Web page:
After investigating the uptake processes of ManNAc analogues, we present here our application of MOE to get an insight into the fate of the sialylated glycoconjugates. Although the recycling processes of glycoconjugates are not well known, some interesting data were reported by Reutter and co-workers in the 1980s. The half-life times of different monosaccharides were studied. For example, terminal monosaccharides, such as fucose and sialic acids, showed fast half-life rates (12.5 h for L-fucose, 30 h for Neu5Ac) compared to residues from the N-glycan core (D-mannose, 70 to 130 h) or to the protein moiety (100–130 h) (Kreisel et al 1980; Tauber et al 1983). From these observations, the researchers were able to show that a single protein could go through several cycles of sialylation during its lifetime. Membrane glycoproteins are therefore supposed to be able to be reinternalized by endocytosis, and deglycosylated partially into lysosomes. These proteins subsequently join back with the secretion pathway in the Golgi apparatus where they can be glycosylated again (Kreisel et al 1988). New tools and methodologies for the study and evaluation of recycling processes and turnover rates of the glycoconjugates are of great interest for a better understanding of these under-reported processes. Indeed, it has been shown that turnover rates of glycans chains were faster in tumoral cells compared to healthy cells (Tauber et al 1989). Therefore, an extensive study of these turnover mechanisms could provide new insights into some pathologies and/or infections involving the glycans. In the present work, we have applied MOE principles to compare the in cellulo visualization of sialylated glycoconjugates between wild-type and sialin deficient fibroblasts.
Chemicals reagents were purchased from Sigma Aldrich, TCI and Carbosynth and were used with no further purification. Anti LAMP2 was from Santa Cruz Biotechnology (Santa Cruz, CA, USA).
N-(4-pentynoyl) mannosamine (ManNAl) was synthesized according to optimized procedures (Gilormini et al 2016). The dynamics of incorporation into glycoconjugates and their localization was monitored by chemical ligation of commercially available azido-functionalized fluorophores. We used the biocompatible ligand-mediated copper-catalyzed azide-alkyne [3 + 2] cycloaddition (CuAAC) before imaging by confocal fluorescence microscopy (Gilormini et al 2016). BTTAA was synthesized as previously described (Besanceney-Webler et al 2011; Yang et al 2014).
Primary skin fibroblasts (MW28 and sialin deficient patient cells (SLC17A5, 1-BP DEL, 533C), kindly provided by Dr. Thierry Levade, were maintained in Dulbecco’s modified Eagle’s medium (DMEM) supplemented with 10% fetal bovine serum (Lonza) at 37 °C in humidity saturated 5% CO2 atmosphere. When used, chloroquine (CQ) was added to the culture medium at the final concentration of 40 μM.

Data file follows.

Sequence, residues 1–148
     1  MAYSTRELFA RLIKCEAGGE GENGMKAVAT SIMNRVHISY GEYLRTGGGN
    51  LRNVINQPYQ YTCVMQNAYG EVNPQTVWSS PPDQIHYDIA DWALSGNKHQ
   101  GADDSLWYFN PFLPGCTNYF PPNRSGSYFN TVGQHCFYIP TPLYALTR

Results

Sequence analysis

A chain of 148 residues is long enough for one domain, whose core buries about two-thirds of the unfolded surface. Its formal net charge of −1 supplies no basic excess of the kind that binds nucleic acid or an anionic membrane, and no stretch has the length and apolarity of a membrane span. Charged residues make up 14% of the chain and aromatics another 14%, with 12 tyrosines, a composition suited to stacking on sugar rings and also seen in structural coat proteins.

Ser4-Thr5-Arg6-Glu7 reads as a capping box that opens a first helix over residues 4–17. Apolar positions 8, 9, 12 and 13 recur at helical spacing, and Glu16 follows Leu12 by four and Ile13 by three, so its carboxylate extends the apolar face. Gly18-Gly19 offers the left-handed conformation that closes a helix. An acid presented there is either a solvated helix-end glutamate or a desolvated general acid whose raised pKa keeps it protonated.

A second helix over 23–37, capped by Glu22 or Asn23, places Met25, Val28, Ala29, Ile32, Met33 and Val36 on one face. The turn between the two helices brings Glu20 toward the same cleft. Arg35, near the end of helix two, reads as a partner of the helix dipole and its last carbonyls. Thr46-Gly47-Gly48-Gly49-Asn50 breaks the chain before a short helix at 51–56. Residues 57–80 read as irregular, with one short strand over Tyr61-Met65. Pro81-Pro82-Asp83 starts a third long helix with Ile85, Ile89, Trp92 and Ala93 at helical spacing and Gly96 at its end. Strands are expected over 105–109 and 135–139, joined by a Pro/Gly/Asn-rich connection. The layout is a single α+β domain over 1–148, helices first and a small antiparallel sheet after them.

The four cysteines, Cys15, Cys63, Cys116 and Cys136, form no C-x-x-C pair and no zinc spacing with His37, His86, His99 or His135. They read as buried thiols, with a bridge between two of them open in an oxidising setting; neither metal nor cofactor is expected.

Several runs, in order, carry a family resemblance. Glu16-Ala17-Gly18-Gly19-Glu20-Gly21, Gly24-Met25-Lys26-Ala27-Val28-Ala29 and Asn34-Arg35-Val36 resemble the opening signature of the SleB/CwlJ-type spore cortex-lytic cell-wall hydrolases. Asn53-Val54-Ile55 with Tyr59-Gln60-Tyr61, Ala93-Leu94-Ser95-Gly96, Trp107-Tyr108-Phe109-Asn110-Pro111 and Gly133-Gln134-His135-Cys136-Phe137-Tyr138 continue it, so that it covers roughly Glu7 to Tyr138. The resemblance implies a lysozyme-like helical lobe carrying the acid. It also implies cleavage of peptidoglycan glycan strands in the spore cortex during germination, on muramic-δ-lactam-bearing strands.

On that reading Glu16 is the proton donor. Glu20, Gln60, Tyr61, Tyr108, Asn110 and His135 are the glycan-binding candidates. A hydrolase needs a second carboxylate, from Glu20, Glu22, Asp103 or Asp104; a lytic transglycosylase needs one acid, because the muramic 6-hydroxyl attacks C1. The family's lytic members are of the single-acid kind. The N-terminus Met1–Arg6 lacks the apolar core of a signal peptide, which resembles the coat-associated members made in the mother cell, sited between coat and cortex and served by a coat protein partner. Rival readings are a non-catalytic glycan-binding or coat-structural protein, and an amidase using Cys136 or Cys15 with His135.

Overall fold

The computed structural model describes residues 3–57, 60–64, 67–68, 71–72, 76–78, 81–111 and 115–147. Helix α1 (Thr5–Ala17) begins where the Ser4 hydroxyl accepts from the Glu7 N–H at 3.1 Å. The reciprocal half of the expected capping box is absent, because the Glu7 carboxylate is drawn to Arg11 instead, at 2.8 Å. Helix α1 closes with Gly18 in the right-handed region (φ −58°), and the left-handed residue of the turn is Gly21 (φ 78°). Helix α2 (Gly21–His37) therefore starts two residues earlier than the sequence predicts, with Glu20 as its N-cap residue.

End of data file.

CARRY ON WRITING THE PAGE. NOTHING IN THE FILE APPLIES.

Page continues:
Fibroblasts were grown overnight on glass coverslips (12 mm diameter). Medium was then changed with pre-warmed medium containing 500 μM of ManNAl. The labeling was stopped at the different time points mentioned by fixing the cells with 4% paraformaldehyde (PAF). Cells were then permeabilized in 0.5% Triton X-100 for 10 min. Permeabilized cells were then incubated with 100 μL/coverslip of a freshly prepared click solution (K2HPO4, 100 mM; Sodium ascorbate, 2.5 mM; CuSO4, 150 μM; BTTAA, 300 μM, AzidoFluor 545, 10 μM). CuAAC was performed during 45 min, in the dark, at room temperature with gentle shaking. After 2 h saturation in blocking buffer (0.2% gelatin, 1% BSA and 2% normal goat serum (Invitrogen) in PBS), fixed cells were incubated at room temperature for 1 h with Alexa 488-, Alexa 568-, and Alexa 700-conjugated secondary antibodies (Molecular Probes) diluted at 1/600 in blocking buffer.
Immunostaining and fluorescent proteins were detected through an inverted Leica TCS-SP5 confocal microscope. Pictures were taken by using Leica Application suite Advanced Fluorescence (LAS AF) software (Leica Microsystems Wetzlar, Germany). For comparison purposes, each picture was taken under the same settings. For quantification, we used the Leica TCS-SP5 intensity plotting tool that provides relative fluorescence intensities in different collection channels over a region of interest (ROI). A plot of fluorescence intensity in a ROI corresponding to the Golgi region was performed for each cell. For image analysis, three different fields of two independent experiments were examined. Around 100 cells were quantified. The LAS AF pictures were then exported in TIFF format and processed with Adobe Photoshop 7.0.
Control fibroblasts were grown overnight on glass coverslips (12 mm diameter). Medium was then changed with pre-warmed medium containing 500 μM of SiaNAl overnight. After fixation with paraformaldehyde 4%, cells were treated to recombinant sialidase C from C. perfringens (Prozyme # GK80030) in PBS for 1 h at 37 °C. Cells were subsequently washed with PBS, permeabilized with Triton X-100 0.5% for 10 min, and finally stained following our CuAAC procedure previously described.
None of the experiments were blinded and no statistical methods were used to pre-determine sample size for in vitro experiments.